|Scientific Name:||Arborimus longicaudus (True, 1890)|
|Taxonomic Notes:||Johnson and George (1991) separated California populations previously regarded as Arborimus longicaudus and described them as a new species Arborimus pomo, based on chromosome differences, smaller overall size, and certain skull and muscle differences. Musser and Carleton (in Wilson and Reeder 1993, 2005) and Baker et al. (2003) included this new species.
There is no consensus on the proper generic allocation for this species. It was placed in the genus Arborimus by Johnson and George (1991), Musser and Carleton (in Wilson and Reeder 1993, 2005), Hayes (1996), Adam and Hayes (1998), and Baker et al. (2003); and included in the genus Phenacomys by Carleton and Musser (1984), Repenning and Grady (1988), and Verts and Carraway (1998). Bellinger et al. (2005) noted that recognition of Arborimus as a distinct genus is subject to interpretation of data.
|Red List Category & Criteria:||Near Threatened ver 3.1|
|Assessor(s):||Linzey, A.V. & NatureServe (Scheuering, E. & Hammerson, G.)|
|Reviewer(s):||Amori, G. (Small Nonvolant Mammal Red List Authority) & Chanson, J. (Global Mammal Assessment Team)|
Listed as Near Threatened, although it has a large extent of occurrence it is restricted to old growth forests, and there is the ongoing threat from logging in old-growth, which both reduces and fragments its habitat. Almost qualifies as threatened under criterion B.
|Previously published Red List assessments:|
|Range Description:||This vole occurs in western Oregon, on the west slope of the Cascade Range as far south as the Douglas-Jackson county line, and in the Coast Range to the California border, and on some buttes and low mountains between the major ranges (Verts and Carraway 1998), at elevations of up to 1,600 meters (Manning and Maguire 1999). However, this species possibly occurs also in northern California (see Hayes 1996). Murray (1995) presented DNA information suggesting that specimens from south of the Smith River drainage in Del Norte County, California, were more similar to the Oregon tree voles than to other California populations.|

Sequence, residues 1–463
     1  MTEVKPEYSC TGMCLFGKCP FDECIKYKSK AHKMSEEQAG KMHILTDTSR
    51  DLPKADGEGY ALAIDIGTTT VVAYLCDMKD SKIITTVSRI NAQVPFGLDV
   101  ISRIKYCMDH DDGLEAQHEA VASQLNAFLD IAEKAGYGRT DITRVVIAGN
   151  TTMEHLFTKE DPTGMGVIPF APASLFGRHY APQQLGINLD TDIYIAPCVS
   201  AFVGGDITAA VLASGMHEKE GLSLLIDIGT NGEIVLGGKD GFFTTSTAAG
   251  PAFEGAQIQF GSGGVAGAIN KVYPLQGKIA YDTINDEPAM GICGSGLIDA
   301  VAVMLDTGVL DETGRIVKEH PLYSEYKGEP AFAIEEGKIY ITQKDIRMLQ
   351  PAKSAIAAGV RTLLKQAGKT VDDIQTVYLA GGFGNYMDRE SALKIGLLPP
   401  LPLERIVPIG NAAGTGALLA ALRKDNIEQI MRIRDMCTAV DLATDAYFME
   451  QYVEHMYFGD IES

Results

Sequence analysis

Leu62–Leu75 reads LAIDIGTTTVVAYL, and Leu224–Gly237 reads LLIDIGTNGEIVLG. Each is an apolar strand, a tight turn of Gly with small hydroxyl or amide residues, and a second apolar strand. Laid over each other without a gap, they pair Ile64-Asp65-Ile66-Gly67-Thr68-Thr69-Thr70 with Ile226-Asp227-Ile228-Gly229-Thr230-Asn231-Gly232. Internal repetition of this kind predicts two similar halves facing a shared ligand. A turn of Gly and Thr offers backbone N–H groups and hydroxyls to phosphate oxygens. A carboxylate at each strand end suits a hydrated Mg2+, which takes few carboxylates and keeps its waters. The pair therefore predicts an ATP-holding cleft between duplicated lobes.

|Range Map:||Click here to open the map viewer and explore range.|
|Population:||The total adult population size is unknown but likely exceeds 10,000. It is relatively difficult to capture, so existing records probably do not reflect the true abundance of the species.|
Verts and Carraway (1998) mapped approximately 100 collection sites in Oregon; these represent certainly several dozen distinct occurrences or subpopulations, but the number of extant occurrences is unknown. The species' habitat is becoming increasingly fragmented rangewide, so the vole's area of occupancy and abundance likely are declining as well, but the rate of decline is unknown (probably less than 30% over the past 10 years). Its distribution has been reduced and continues to decline (Corn and Bury 1988; Verts and Carraway 1998).
|Current Population Trend:||Decreasing|
|Habitat and Ecology:||Red tree voles inhabit mixed evergreen forests; optimum habitat consists of wet and mesic old- growth Douglas-fir forest and various other mesic habitats, including those dominated by grand fir, Sitka spruce, or western hemlock (Johnson and George 1991); P. longicaudus and P. pomo (sensu Johnson and George 1991) exhibit no habitat differences. The species is rare in sapling, pole and managed saw timber stands; young stands may serve as barriers to dispersal (A. B. Carey, in Wilson and Ruff 1999). They are arboreal voles that exhibit some terrestrial activity.|